For some people, a thick slice of rich chocolate cake with gooey icing should be paired with one beverage and one beverage only.
But drinking a big glass of milk in an elegant restaurant might be a tad declasse. A glass of wine is certainly more sophisticated.
Dennis Kirkwood, certified sommelier and owner of Bon Appetit Caterers in Longwood, Fla., says chocolate poses a special problem when it comes to choosing a wine.
"The main component in chocolate is cocoa butter, which by itself is very bitter," he says. "Even after all the sugar is added, some of that bitterness carries into the chocolate." That bitterness can disturb the balance of the wine.
Mr. Kirkwood recalls a tasting he conducted at which various types of chocolate were tasted along with a variety of wines. His panel of tasters decided the chocolate was best paired with a cabernet sauvignon from Cakebread Cellars.
The Cakebread wine is dry with a ripe berry flavor, fairly soft, slightly oaky and not overly tannic.
But Mr. Kirkwood is quick to point out that this pairing of chocolate and cabernet was based solely on the affinity of the two components.
However, if served as dessert after a full meal, a heavy piece of chocolate cake and a glass of heavy, full-flavored wine might prove a bit too domineering for all but the most sophisticated palates.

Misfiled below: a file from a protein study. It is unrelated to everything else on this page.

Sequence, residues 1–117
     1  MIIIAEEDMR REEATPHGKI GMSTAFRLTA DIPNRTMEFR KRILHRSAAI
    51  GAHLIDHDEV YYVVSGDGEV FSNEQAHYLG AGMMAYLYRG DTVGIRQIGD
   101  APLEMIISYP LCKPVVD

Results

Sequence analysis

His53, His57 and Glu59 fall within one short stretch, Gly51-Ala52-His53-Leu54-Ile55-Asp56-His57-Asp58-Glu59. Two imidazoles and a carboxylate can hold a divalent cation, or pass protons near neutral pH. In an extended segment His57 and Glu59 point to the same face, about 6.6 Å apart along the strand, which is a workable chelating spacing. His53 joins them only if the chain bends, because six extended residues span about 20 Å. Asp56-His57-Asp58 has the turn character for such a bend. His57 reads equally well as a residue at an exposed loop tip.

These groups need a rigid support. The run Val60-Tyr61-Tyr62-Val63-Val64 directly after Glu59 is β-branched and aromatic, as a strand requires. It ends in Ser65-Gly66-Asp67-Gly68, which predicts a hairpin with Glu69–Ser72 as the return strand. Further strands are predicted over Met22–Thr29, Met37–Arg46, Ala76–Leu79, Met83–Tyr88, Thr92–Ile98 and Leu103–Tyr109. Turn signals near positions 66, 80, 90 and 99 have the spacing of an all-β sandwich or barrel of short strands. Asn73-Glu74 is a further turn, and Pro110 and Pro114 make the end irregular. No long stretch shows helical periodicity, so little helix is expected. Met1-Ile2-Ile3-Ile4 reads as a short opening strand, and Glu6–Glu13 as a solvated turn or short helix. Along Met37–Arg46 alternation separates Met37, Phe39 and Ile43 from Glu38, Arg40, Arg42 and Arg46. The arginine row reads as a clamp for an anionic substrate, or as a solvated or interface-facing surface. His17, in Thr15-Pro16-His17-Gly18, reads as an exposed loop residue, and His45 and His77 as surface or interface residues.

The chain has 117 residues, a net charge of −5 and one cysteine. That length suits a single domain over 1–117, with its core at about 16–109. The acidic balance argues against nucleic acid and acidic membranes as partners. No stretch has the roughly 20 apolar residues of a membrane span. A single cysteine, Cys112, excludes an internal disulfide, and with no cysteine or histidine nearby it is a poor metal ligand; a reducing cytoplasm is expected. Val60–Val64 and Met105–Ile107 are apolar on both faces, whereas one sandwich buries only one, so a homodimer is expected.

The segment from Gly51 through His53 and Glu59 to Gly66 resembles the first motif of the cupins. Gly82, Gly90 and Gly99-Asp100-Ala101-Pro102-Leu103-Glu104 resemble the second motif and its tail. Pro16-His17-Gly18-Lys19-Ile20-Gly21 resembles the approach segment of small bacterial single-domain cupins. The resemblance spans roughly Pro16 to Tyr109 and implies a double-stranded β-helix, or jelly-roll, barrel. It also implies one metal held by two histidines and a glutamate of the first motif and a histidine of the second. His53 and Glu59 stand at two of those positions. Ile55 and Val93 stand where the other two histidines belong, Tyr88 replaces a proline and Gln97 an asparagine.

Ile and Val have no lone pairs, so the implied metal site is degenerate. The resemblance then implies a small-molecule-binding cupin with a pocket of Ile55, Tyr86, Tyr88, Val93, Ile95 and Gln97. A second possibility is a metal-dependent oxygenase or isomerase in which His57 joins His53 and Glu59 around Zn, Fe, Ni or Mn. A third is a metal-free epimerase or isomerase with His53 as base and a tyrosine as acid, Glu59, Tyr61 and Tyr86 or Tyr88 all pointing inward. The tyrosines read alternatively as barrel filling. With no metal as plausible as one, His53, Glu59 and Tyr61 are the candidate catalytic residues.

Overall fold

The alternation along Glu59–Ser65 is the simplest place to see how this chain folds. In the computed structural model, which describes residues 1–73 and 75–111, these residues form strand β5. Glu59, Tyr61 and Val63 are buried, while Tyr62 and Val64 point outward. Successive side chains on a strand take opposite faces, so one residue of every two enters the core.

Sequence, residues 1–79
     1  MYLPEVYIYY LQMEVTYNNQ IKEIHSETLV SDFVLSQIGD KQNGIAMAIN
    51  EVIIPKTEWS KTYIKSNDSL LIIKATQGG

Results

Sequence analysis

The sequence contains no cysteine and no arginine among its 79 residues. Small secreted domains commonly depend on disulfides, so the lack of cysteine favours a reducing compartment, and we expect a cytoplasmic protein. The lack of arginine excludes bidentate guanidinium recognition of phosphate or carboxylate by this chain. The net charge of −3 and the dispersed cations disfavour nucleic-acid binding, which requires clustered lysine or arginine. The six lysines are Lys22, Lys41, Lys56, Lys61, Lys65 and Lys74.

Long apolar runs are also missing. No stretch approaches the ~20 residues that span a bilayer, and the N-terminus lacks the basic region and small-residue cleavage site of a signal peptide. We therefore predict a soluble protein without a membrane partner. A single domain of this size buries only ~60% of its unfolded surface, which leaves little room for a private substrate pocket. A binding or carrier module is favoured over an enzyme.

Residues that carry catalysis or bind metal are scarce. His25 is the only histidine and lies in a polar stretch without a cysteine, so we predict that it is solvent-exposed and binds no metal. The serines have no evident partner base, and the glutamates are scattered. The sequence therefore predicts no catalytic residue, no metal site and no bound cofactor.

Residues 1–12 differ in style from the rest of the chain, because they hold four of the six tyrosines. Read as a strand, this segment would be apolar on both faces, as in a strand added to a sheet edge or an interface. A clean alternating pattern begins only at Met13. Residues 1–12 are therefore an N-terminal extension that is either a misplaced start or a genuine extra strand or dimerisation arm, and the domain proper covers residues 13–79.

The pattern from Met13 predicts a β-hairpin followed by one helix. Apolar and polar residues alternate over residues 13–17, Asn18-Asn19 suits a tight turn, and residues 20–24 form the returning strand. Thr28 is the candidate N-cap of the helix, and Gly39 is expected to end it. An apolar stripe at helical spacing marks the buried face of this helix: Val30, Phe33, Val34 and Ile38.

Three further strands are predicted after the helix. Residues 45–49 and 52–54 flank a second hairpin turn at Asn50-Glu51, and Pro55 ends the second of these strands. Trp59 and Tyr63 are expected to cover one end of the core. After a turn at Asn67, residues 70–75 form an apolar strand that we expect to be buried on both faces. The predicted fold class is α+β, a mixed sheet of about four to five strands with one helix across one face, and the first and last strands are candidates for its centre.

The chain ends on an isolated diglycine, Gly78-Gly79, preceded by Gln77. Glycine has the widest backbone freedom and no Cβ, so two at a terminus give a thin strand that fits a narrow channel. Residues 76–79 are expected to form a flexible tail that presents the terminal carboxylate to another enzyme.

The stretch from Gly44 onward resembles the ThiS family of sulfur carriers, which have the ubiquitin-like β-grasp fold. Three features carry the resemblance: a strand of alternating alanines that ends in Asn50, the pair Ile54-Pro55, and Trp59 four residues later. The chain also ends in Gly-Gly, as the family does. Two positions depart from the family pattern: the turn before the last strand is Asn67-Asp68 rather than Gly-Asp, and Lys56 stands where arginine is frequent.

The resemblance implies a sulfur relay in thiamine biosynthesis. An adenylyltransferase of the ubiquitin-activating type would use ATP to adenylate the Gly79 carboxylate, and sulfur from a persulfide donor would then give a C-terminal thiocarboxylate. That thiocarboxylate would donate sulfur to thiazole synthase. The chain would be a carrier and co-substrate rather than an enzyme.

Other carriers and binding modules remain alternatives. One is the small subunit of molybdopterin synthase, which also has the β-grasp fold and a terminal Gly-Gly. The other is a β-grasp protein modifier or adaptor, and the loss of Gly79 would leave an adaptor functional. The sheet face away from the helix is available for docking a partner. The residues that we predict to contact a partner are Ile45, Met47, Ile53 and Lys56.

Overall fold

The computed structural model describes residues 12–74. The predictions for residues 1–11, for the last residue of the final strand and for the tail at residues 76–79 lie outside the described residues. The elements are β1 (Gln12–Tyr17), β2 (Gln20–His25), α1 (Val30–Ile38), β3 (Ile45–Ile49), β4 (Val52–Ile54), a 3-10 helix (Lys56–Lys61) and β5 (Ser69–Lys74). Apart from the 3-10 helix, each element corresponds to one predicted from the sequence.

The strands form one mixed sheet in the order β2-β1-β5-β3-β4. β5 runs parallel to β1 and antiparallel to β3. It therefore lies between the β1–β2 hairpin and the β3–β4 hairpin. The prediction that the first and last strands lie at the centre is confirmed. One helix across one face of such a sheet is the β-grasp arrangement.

Instead, Mr. Kirkwood suggests an extra dry or rose champagne. Extra dry, despite its name, designates a wine that is slightly sweeter than a brut. "You want a little sweetness," Mr. Kirkwood says, "because we're looking for a contrast to the chocolate while trying to avoid a conflict."
He recommends Perrier-Jouet's non-vintage extra dry champagne, which is moderately low in tannins with a fresh fruit flavor and a lot of mouth feel.
Another good sparkler, Mr. Kirkwood says, is Charbaut Freres' rose. "It has a wonderful salmon color, a delicate hint of sweetness and beautiful berry fruits."
The berry fruit flavors go well with the chocolate, just as a layer of raspberry can improve the taste of the cake.